Duration: 3 years full time
UCAS code: L111
Institution code: R72
Duration: 4 years full time
UCAS code: L112
Institution code: R72
Campus: EghamView this course
Financial and Business Economics (BSc (Econ))
Unleash the full potential of your career with our BSc Financial and Business Economics. At Royal Holloway, we blend the precision of financial analysis with the strategic insights of business economics, creating a holistic curriculum that propels you into the heart of global markets and corporate decision-making.
Dive into the intricacies of financial markets, investment strategies, and economic policies. Merge your financial acumen with a strategic understanding of business environments, equipping yourself with the skills needed to navigate the complexities of modern economies.
Our innovative curriculum ensures that you acquire practical skills and knowledge that are directly applicable to the business world. From risk management to financial modelling, you'll graduate ready to make an immediate impact. Whether you aspire to become a financial analyst, business consultant, or corporate strategist, our program provides the foundation for a successful career in the dynamic intersection of finance and business.
Learn from accomplished faculty members who are not only experts in their fields but also dedicated mentors invested in your academic and professional success.
- Understand how financial markets operate.
- Develop the required analytical skills for a career in the financial or corporate sector.
- Learn the most recent in-demand quantitative skill.
- Opportunity to undertake a placement Year in Business.
From time to time, we make changes to our courses to improve the student and learning experience. If we make a significant change to your chosen course, we’ll let you know as soon as possible.
Principles of Economics is a first-year undergraduate module in how the economy works. The module is suitable for students with or without A-Level economics or equivalent. We will cover the basic theories of macroeconomics (that of the economy as a whole) and microeconomics (the behaviour of individuals, firms and governments and the interactions between them).
The module adopts the state-of-the-art CORE approach (Curriculum Open-access Resources in Economics) to teaching Principles of Economics. The approach has three pillars which we rely on throughout the module:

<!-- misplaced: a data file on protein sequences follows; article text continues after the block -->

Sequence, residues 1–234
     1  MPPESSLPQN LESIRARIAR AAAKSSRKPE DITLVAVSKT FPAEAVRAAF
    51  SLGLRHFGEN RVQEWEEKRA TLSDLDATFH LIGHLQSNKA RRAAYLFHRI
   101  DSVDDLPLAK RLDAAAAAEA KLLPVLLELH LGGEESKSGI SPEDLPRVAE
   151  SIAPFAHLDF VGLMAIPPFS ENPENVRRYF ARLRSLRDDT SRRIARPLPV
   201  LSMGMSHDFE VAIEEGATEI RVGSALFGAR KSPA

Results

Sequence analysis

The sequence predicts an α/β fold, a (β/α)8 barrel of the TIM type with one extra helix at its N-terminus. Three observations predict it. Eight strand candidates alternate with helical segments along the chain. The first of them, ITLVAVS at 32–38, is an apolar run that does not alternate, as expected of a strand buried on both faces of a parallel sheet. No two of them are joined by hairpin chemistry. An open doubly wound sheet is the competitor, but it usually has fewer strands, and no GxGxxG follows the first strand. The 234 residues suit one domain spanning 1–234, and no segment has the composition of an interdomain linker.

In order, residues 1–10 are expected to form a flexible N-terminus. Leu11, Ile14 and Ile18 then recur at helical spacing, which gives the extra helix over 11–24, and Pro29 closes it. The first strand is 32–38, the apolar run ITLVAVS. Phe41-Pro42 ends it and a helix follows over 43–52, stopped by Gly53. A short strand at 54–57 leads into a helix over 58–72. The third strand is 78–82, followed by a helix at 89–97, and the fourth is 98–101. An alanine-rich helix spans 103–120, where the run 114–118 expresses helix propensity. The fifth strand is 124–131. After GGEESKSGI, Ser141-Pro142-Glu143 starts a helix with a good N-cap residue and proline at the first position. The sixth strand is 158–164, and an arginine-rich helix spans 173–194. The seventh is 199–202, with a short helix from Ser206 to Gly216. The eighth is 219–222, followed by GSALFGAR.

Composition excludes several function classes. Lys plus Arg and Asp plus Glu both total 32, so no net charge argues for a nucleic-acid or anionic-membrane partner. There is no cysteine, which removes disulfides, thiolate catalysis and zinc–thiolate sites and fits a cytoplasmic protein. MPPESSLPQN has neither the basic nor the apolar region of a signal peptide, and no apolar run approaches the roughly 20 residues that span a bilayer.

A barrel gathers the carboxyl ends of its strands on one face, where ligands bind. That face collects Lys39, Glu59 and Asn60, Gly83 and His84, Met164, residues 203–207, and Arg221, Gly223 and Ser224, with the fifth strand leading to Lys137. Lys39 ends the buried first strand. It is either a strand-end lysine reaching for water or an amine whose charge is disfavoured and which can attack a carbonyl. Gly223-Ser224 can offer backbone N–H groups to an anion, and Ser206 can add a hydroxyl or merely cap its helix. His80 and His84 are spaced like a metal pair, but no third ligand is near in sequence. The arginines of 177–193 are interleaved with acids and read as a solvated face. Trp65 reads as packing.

- Formulate a problem that our society is facing now or has faced in the past;
- Build a theory to explain and solve the problem;
- Evaluate the usefulness of the theory by using data observations and more novel theories.
Data Skills for Economists is about understanding the data we encounter constantly in everyday life and the data that social science researchers create as they explore and analyse the world around us. We'll endeavour to understand such questions as:
- Where does data come from and how can we harvest it?
- What useful information does the data contain?
- How can we create new data to generate useful insights?
Computers equipped with statistical software are a big part of the answer to the third question (above) so, accordingly, you'll spend much of your time learning to analyse and display data using the R statistical software package (R is the industry standard).
We'll develop an ethos of clear communication of numerical information that will be supported by our growing understanding of statistical concepts and our growing proficiency with computers.
Simultaneously, we'll delve into the seamy underside of the tricksters who try to fool you with falsified data. Understanding their game can provide at least some degree of inoculation against their attacks.
In this module you will develop an understanding of information surrounding economic institutions, economic history, applied economics and policy & experimental & behavioural economics. In the seminars, you will discuss each topic and learn among other things how to write an essay, how to present, how to collect economic data, how to find relevant economic research, and how to think like an economist.
The aims of the module are to cover the basic mathematical and quantitative tools used by economists every day. The module gives an emphasis to the mathematical tools, which are applicable to solving a wide range of economic problems. The first half of the module is devoted to linear algebra, specific functions of one and more variables used in economics, manipulating those functions and finding their minima and maxima. In addition, the first half of this module delivers the rules of integration and differentiation, which prepares the you to apply constrained and unconstrained optimisation techniques in their subsequent 2nd and 3rd year of studies. Constrained and unconstrained optimisation techniques are also discussed. The second half of the module is devoted to optimisation theory which in turn will use the concepts of vectors and matrices, drawn from linear algebra, and require the study of concave functions. The knowledge of matrices will help you solve systems of linear equations, which are used in both microeconomic and macroeconomic planning and forecasting.
This module will be composed of an introduction to Employability, library resources, team building, and CV making. Career services will provide a session on self-awareness and decision making and library services will present their relevant resources. Finally, the Economics department will organise some team building exercises.
This module will describe the key principles of academic integrity, focusing on university assignments. Plagiarism, collusion and commissioning will be described as activities that undermine academic integrity, and the possible consequences of engaging in such activities will be described. Activities, with feedback, will provide you with opportunities to reflect and develop your understanding of academic integrity principles.